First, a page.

“Municipal wastewater appears to be a significant reservoir of ARGs,” Bai says. “Many studies have detected ARGs at all stages of the municipal wastewater treatment processes.”

Urban water supplies are particularly susceptible to developing antibiotic resistance because of the concentrated quantities of antibiotics that are released when treated municipal wastewater is discharged into the environment.

“Microorganisms in wastewater discharge can transport ARGs to downstream surface waters used for recreation or sources of drinking water, which can lead to human exposure over local, or even global, scales,” Bai explains. “This is a concern in southern Nevada because five major wastewater treatment plants discharge into the Las Vegas Wash. The Las Vegas Wash then discharges into Lake Mead, which is the primary drinking water supply for the Las Vegas Metropolitan Area.”

 

Researchers carry equipment toward a sampling site at the Las Vegas Wash.

The DRI research team including (from left) Duane Moser, David Basulto, Hai Pham, and Xuelian Bai carry equipment down to the bank of the Lake Mead, one of several sampling sites along the Las Vegas Wash.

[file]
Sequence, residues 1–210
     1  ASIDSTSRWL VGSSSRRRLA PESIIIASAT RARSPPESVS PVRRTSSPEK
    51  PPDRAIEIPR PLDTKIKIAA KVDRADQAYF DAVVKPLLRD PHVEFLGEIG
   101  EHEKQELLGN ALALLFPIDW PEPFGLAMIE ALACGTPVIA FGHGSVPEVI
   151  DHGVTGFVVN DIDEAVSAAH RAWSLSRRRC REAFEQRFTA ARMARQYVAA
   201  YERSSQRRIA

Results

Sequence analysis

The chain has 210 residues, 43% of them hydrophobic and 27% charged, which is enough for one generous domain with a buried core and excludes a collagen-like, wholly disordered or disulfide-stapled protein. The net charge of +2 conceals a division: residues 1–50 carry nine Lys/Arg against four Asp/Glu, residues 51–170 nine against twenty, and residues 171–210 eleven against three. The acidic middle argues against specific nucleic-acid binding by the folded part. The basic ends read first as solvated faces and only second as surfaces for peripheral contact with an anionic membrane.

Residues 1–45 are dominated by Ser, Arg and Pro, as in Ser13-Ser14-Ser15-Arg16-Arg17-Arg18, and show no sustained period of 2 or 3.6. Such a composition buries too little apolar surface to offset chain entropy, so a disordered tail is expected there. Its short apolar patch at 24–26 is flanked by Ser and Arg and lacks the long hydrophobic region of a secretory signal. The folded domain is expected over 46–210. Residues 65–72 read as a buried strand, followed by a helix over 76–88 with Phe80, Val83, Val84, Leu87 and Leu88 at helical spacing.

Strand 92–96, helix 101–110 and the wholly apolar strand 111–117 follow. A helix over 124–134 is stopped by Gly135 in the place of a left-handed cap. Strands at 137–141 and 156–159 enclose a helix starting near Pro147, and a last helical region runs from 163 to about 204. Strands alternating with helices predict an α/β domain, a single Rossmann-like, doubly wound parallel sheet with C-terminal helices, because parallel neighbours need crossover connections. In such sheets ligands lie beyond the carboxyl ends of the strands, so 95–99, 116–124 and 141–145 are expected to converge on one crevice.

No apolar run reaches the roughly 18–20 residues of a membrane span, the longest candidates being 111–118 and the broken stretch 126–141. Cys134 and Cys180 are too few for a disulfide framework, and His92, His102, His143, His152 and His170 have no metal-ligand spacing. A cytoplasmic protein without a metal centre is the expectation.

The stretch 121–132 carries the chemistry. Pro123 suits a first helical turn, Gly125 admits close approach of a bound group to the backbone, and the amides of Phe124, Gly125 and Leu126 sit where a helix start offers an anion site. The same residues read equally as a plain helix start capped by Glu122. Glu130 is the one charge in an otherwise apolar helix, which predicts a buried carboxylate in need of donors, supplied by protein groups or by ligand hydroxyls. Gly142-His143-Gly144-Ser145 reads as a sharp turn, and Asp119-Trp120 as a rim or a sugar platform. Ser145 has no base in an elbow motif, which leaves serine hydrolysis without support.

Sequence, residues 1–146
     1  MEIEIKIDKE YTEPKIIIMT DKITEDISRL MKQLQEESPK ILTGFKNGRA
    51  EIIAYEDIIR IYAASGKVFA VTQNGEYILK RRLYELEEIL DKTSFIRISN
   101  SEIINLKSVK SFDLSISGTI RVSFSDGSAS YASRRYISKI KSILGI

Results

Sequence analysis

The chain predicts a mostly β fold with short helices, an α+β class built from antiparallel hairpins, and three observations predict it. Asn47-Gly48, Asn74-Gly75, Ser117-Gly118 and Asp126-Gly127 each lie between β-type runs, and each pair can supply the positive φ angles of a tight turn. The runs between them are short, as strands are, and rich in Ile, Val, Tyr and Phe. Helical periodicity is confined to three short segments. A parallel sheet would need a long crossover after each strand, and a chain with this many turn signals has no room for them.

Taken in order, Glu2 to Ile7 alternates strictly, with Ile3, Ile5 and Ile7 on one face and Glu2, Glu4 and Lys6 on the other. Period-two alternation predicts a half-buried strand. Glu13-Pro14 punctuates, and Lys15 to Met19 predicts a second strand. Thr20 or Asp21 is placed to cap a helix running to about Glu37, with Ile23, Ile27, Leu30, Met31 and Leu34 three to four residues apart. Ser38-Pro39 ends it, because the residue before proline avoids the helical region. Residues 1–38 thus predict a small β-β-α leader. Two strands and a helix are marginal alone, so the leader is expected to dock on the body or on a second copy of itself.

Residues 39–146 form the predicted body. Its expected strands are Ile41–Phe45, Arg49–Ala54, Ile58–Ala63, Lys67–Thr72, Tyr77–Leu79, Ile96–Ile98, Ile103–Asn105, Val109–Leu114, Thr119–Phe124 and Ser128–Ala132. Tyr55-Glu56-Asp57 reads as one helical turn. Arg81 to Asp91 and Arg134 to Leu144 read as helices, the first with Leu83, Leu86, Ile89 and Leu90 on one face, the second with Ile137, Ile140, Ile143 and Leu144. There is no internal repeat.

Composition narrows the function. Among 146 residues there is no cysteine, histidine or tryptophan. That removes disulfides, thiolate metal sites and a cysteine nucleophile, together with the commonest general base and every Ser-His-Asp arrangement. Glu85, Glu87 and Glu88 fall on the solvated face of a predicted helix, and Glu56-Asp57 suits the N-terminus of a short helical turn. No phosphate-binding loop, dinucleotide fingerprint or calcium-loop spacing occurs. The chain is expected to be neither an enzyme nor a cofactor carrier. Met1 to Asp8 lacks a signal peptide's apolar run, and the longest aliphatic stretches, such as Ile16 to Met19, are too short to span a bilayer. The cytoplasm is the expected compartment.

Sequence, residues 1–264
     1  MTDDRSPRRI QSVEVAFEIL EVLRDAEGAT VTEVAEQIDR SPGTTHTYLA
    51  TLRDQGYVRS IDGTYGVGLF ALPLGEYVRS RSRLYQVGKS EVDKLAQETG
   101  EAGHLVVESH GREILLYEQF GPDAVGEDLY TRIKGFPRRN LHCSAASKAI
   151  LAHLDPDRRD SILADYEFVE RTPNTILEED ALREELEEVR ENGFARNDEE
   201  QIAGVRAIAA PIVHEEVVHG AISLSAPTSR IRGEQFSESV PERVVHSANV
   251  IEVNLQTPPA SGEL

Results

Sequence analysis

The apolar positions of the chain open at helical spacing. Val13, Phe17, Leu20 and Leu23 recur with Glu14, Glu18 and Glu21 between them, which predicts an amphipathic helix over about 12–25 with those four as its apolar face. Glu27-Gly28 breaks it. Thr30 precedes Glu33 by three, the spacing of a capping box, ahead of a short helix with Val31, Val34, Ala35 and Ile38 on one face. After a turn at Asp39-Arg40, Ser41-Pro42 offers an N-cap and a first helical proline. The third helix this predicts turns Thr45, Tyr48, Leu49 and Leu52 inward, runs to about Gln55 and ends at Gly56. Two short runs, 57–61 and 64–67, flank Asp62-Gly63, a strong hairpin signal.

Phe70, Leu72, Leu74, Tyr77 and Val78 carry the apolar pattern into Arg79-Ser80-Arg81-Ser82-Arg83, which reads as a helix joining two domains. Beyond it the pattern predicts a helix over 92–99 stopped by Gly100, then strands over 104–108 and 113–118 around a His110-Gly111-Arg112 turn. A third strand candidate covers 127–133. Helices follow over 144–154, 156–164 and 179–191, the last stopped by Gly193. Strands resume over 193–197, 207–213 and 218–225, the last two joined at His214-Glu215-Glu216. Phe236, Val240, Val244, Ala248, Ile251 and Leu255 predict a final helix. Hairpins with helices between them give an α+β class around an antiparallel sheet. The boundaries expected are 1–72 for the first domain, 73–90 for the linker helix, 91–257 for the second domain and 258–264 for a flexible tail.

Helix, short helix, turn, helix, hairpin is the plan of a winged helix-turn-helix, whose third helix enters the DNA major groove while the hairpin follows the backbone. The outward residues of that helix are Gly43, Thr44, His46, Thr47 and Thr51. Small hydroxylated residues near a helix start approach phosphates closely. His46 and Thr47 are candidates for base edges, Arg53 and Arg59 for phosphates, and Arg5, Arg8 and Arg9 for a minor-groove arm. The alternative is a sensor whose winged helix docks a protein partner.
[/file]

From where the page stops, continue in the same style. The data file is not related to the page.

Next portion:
Lake Mead supplies water to millions of residents in the southwestern United States, so identifying potential antibiotic resistance is increasingly important, especially with the drastic population growth in the region. Effluent discharged from wastewater treatment plants, urban runoff, and floodwaters during wet seasons carry sediment, nutrients, and other contaminants to Lake Mead. This generates several water-quality concerns, particularly about the effects of contaminants on aquatic habitats.

“The Las Vegas Wash provides the full continuum of major freshwater aquatic habitats, includingwetlands, flowing water, lake water, and sediment,” Bai explains. “Wetlands, flowing water, and lake water are defined by aerobic conditions and exposure to photosphere influence. However, sediments almost always go anoxic very quickly below the surface, usually within millimeters in eutrophic systems. The fate of antibiotics and the microbial genes that mediate changes in anaerobes have been relatively understudied.”